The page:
According to the Pew Internet & American Life Project , 1 in 3 Americans have used the internet to solve a medical problem. Due to the public’s increasing willingness to be more responsible for their own health [ , ], how to effectively deliver health information using technologies has become a question requiring further investigation. Internet-based interventions were found to work better than noninternet-based interventions for improving a variety of health-related attitudes and behavioral outcomes including increased knowledge, participation in health care, and more [ ].
Interactivity, defined as how responsive a system is to a user , has been examined by many researchers in health communication as a key characteristic of interactive digital media technologies [ - ]. While some have found that higher levels of interactivity can improve knowledge [ ], attitude toward health websites [ , ], and intentions to use a health information resource [ , ], others have found that higher levels of interactivity did not have positive effects on knowledge [ , ] or self-efficacy [ ]. Overloading of technological features on media interfaces (exceeding the cognitive processing boundary) may lead to distraction and reactance to the persuasive messages [ - ]. Since there are both arguments for and against using interactive technological affordances, in terms of information processing and assessment, it is important to further examine the role of interactive features in an online environment.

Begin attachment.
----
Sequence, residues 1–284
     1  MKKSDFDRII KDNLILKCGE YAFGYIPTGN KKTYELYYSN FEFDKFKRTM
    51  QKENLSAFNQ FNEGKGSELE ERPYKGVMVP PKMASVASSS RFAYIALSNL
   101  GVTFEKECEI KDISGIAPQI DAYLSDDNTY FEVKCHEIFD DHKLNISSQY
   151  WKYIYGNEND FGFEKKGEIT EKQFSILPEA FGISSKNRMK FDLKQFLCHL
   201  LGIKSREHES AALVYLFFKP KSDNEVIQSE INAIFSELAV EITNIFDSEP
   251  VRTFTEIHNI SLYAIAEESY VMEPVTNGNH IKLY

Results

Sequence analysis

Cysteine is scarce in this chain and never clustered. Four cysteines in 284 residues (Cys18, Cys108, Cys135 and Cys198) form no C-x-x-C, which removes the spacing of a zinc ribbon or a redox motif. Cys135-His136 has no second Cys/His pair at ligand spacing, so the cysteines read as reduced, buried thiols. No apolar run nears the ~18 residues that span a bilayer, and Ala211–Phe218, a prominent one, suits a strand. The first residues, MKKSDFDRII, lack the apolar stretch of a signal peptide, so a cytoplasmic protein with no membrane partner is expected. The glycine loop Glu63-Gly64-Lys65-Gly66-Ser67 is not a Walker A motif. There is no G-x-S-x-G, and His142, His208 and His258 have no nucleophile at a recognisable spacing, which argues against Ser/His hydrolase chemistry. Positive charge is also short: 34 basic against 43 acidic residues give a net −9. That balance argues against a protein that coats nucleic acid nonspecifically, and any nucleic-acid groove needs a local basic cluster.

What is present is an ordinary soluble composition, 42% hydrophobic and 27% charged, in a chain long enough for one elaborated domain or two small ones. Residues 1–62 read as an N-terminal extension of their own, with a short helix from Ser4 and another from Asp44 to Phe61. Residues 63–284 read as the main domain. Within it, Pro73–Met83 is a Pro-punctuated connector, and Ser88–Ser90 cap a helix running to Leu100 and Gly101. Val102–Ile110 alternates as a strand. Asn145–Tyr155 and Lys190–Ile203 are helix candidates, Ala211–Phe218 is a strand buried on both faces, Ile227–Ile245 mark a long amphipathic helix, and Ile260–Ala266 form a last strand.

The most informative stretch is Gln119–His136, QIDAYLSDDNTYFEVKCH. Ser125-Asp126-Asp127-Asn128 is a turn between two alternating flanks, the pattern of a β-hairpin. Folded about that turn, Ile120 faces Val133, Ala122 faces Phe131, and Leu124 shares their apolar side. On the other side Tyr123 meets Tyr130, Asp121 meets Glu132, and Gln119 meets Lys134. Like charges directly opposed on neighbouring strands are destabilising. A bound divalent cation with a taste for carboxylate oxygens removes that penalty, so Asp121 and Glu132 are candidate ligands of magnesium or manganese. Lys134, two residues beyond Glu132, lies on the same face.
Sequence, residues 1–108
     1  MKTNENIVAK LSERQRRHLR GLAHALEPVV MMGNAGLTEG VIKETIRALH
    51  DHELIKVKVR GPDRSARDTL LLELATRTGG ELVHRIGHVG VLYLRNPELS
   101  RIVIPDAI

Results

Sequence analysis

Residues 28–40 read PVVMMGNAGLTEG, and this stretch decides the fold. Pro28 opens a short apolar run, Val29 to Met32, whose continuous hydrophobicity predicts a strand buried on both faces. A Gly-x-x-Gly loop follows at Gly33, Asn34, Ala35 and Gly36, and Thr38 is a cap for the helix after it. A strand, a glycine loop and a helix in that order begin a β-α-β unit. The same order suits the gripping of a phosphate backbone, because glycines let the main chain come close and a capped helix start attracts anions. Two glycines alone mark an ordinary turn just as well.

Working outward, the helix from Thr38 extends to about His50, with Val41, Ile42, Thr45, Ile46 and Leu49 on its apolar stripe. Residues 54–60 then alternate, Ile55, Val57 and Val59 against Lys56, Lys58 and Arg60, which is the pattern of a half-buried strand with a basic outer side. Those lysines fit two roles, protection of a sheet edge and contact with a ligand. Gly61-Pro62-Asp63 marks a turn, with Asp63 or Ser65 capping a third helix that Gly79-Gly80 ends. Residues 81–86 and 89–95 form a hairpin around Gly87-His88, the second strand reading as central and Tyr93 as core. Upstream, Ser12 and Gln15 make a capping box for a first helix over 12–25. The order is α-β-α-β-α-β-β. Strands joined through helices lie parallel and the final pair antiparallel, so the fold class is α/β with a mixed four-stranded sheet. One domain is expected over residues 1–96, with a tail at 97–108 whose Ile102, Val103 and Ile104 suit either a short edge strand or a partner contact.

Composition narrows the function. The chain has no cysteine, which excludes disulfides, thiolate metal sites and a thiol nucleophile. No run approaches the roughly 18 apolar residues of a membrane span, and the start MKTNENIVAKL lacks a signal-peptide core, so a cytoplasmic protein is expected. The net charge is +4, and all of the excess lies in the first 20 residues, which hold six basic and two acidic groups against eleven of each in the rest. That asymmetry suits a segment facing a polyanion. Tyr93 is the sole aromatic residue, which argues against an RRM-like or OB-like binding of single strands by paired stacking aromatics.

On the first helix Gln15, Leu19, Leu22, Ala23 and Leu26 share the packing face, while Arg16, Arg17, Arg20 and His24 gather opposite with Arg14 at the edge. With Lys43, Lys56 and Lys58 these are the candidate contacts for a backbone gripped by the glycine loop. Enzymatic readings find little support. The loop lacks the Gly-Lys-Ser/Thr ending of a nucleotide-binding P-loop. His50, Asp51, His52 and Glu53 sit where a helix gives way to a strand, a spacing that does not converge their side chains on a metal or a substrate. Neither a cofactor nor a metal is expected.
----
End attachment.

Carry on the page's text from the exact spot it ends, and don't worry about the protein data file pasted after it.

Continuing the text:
We aimed to examine (1) how different types of interactivity influence health behavioral intentions and whether there is an interaction effect among these 2 types of interactivity on behavioral intentions; (2) how different types of interactivity impact behavioral intentions through different cognition; (3) how different types of interactivity influence individual user experience with health websites.
Skin Cancer and Sun Protection
Skin cancer is the most common cancer in the United States . One in 5 Americans will develop skin cancer in their lifetime [ ]. Each year, more than 3.5 million new cases of skin cancer are diagnosed in the United States, which is more than the yearly total of new cases for all other types of cancers [ , ]. However, skin cancer is the most preventable cancer compared to other forms of cancer [ ]. The most preventable risk factor is exposure to ultraviolet light [ ]. Therefore, most skin cancer interventions aim to promote sun protection behaviors, such as using protective clothes or shades and increasing sunscreen use in the general public or in people at high risk of skin cancer or decreasing exposure to artificial ultraviolet light (eg, tanning beds). Researchers have been working on building effective skin cancer interventions for decades [ - ]; however, no previous study has employed skin cancer as a health context to examine how different types of interactivity affect user experience with health websites, behavioral intentions, and information processing [ ].